You can hear, alongside the soldier’s constant complaints – exhaustion – noise – something else: awe, excitement – “it’s terrific!”
APOLLINAIRE HAD WANTED to go to war for a variety of reasons. One was the romantic lure of a theatre of war made doubly attractive by the latest technologies that so captured his modern turn of mind: aeroplanes, armoured trains, huge cannon mounted on wheels, machine guns. This man, who didn’t obtain French nationality till halfway through the war, had an intense patriotic fervour and a real empathy towards the “poilus” – the whiskered ones, the French Tommies, men about to go over the top to “casser leurs pipes” – break their pipes, snuff it.
My grandfather, a veteran of Verdun, first put me onto Apollinaire. Here was a poet as poignant as the British, but more spirited, modern, less conservative. Apollinaire, part-Polish, part-Italian, Russian passport, born out of wedlock with an unknown father, a glittering presence in Belle Époque Paris, is a voice very different from the Georgian war poets so familiar to British readers. He is the emblem of a fragmented, volatile Europe. War is his big chance to get stable, to fix his identity. Here’s a poem written about the very moment war was declared.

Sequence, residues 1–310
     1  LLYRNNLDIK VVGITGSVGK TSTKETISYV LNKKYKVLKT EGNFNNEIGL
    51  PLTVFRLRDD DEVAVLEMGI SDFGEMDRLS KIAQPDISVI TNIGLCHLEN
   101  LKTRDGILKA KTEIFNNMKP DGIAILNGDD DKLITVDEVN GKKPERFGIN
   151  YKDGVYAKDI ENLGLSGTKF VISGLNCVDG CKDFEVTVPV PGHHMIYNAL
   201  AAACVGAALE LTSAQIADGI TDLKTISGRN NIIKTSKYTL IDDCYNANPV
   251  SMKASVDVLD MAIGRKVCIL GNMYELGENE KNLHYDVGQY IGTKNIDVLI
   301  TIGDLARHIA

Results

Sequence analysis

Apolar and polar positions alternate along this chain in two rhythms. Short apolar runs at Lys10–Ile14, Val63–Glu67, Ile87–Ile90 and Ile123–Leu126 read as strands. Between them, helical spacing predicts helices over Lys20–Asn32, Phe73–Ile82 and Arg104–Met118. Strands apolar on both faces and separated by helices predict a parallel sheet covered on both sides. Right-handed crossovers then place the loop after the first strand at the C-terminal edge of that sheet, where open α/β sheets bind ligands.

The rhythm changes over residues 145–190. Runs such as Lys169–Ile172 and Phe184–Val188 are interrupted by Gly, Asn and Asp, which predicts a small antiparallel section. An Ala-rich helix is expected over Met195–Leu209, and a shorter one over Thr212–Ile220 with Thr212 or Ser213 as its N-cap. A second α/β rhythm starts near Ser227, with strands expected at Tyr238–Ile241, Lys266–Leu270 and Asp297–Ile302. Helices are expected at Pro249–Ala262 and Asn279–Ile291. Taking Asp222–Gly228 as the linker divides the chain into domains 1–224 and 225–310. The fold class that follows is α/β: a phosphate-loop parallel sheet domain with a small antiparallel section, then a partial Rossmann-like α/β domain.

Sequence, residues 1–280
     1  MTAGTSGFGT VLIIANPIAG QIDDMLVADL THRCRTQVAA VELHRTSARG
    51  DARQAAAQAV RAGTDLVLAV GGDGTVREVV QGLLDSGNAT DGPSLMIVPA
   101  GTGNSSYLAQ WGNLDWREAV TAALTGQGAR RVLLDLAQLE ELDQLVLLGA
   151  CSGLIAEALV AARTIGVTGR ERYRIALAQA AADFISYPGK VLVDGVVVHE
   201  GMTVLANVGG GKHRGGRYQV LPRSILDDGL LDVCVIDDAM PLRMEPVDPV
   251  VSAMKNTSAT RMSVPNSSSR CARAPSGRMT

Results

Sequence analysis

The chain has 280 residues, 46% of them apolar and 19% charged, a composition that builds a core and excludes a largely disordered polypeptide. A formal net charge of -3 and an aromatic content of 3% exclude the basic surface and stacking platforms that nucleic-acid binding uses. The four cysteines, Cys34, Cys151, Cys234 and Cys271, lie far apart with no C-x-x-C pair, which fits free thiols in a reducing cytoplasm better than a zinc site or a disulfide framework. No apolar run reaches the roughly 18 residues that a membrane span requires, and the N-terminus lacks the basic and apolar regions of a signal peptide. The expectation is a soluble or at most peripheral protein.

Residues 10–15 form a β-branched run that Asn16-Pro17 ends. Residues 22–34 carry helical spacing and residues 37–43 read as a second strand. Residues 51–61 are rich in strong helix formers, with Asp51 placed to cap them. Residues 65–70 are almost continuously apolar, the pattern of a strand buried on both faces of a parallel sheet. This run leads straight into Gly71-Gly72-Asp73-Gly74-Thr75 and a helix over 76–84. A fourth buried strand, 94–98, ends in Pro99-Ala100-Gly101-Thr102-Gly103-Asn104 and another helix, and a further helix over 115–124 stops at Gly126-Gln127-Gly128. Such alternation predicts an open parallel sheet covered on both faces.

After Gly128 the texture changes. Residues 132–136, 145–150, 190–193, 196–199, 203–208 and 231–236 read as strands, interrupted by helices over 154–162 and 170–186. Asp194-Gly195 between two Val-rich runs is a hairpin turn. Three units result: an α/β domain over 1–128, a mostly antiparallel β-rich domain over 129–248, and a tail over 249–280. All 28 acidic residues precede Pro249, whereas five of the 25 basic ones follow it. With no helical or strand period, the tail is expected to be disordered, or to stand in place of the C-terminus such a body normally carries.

Et quand aprés avoir passé l’aprés-midi
Nous arrivâmes à Paris
Au moment ou l’on affichait la mobilisation
Nous comprîmes mon camarade et moi
Que la petite auto nous avait conduits dans une époque
Et bien qu’étant déjà tous deux des hommes mûrs
nous venions cependant de naître
This is “The Little Motorcar”, Apollinaire’s first poem of war – and one of his best. Like so many of them, what starts affirmatively, ends more cautiously. Here’s an English translation:
The 31st August 1914
Just before midnight I left Deauville
In Rouveyre’s little car
With his chauffeur that made three
We said goodbye to an entire epoch
Crazed giants were standing over Europe
Eagles left their eyries to await the sun
Voracious fish surfaced from the deep
Nation probed nation
Underground the dead shook with fear
Unimaginable heights where men fight
Higher than the soaring eagle
Man struggles with man
Then falls like a shooting star
I felt skilful new beings
Were building and stocking a new world
I’ll never forget that night drive
No one said a word
O dark departure our headlights dying
O tender pre-war night
O villages where farriers hastily return
Between midnight and one a.m.
Somewhere near blue Lisieux or golden Versailles
Three times we stopped to mend a puncture
And passing Fontainebleau after lunch
We reached Paris
As general mobilisation was announced
We knew my friend and I